Control of protein expression through mRNA stability in calcium signalling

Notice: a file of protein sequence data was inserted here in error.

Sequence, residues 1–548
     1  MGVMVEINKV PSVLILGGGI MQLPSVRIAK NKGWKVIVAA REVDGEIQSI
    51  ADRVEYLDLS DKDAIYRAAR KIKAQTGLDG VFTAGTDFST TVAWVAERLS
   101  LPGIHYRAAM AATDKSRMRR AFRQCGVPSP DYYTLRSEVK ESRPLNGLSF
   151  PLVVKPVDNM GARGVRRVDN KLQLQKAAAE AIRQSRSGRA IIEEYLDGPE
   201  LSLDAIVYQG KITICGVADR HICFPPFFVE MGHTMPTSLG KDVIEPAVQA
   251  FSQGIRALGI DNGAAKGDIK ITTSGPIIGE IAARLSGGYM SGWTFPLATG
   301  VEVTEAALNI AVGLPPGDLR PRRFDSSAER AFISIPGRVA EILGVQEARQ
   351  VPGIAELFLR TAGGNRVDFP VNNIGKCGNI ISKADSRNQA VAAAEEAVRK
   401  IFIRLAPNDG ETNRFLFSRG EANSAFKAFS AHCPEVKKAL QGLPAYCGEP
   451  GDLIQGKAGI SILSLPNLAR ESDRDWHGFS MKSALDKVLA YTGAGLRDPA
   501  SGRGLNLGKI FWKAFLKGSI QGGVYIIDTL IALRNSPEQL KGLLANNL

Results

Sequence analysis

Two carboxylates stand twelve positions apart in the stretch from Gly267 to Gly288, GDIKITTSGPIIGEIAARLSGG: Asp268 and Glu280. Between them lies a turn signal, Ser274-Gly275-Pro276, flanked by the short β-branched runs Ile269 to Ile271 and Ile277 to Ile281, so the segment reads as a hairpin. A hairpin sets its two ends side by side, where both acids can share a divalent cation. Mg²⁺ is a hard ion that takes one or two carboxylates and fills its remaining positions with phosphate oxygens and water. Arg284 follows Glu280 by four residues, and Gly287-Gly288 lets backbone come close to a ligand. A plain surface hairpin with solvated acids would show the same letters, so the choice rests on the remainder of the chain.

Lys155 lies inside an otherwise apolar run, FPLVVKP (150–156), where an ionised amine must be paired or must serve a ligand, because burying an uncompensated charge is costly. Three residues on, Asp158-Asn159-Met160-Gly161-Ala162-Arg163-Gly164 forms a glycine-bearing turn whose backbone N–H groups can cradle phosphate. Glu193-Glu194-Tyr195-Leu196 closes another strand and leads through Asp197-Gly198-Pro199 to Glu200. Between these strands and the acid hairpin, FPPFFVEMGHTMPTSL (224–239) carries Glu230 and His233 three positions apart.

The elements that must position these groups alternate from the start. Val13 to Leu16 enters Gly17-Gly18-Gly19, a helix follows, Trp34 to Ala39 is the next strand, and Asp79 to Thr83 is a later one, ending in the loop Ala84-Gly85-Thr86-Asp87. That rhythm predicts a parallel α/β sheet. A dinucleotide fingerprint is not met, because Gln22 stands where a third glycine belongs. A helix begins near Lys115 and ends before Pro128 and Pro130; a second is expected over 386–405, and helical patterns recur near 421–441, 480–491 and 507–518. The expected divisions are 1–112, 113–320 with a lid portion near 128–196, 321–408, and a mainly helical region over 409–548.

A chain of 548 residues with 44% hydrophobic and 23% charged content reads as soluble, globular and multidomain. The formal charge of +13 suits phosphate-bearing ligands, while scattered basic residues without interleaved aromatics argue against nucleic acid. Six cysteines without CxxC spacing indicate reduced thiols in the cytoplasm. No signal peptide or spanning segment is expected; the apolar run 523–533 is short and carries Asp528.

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Specific sequences (cis-acting elements) in the 3'-untranslated region (UTR) of RNA, together with stabilizing and destabilizing proteins (trans-acting factors), determine the mRNA stability, and consequently, the level of expression of several proteins. Such interactions were discovered initially for short-lived mRNAs encoding cytokines and early genes like c-jun and c-myc. However, they may also determine the fate of more stable mRNAs in a tissue and disease-dependent manner. The interactions between the cis-acting elements and the trans-acting factors may also be modulated by Ca(2+) either directly or via a control of the phosphorylation status of the trans-acting factors. We focus initially on the basic concepts in mRNA stability with the trans-acting factors AUF1 (destabilizing) and HuR (stabilizing). Sarco/endoplasmic reticulum Ca(2+) pumps, SERCA2a (cardiac and slow twitch muscles) and SERCA2b (most cells including smooth muscle cells), are pivotal in Ca(2+) mobilization during signal transduction. SERCA2a and SERCA2b proteins are encoded by relatively stable mRNAs that contain cis-acting stability determinants in their 3'-regions. We present several pathways where 3'-UTR mediated mRNA decay is key to Ca(2+) signalling: SERCA2a and beta-adrenergic receptors in heart failure, renin-angiotensin system, and parathyroid hormones. Other examples discussed include cytokines vascular endothelial growth factor, endothelin and endothelial nitric oxide synthase. Roles of Ca(2+) and Ca(2+)-binding proteins in mRNA stability are also discussed. We anticipate that these novel modes of control of protein expression will form an emerging area of research that may explore the central role of Ca(2+) in cell function during development and in disease.
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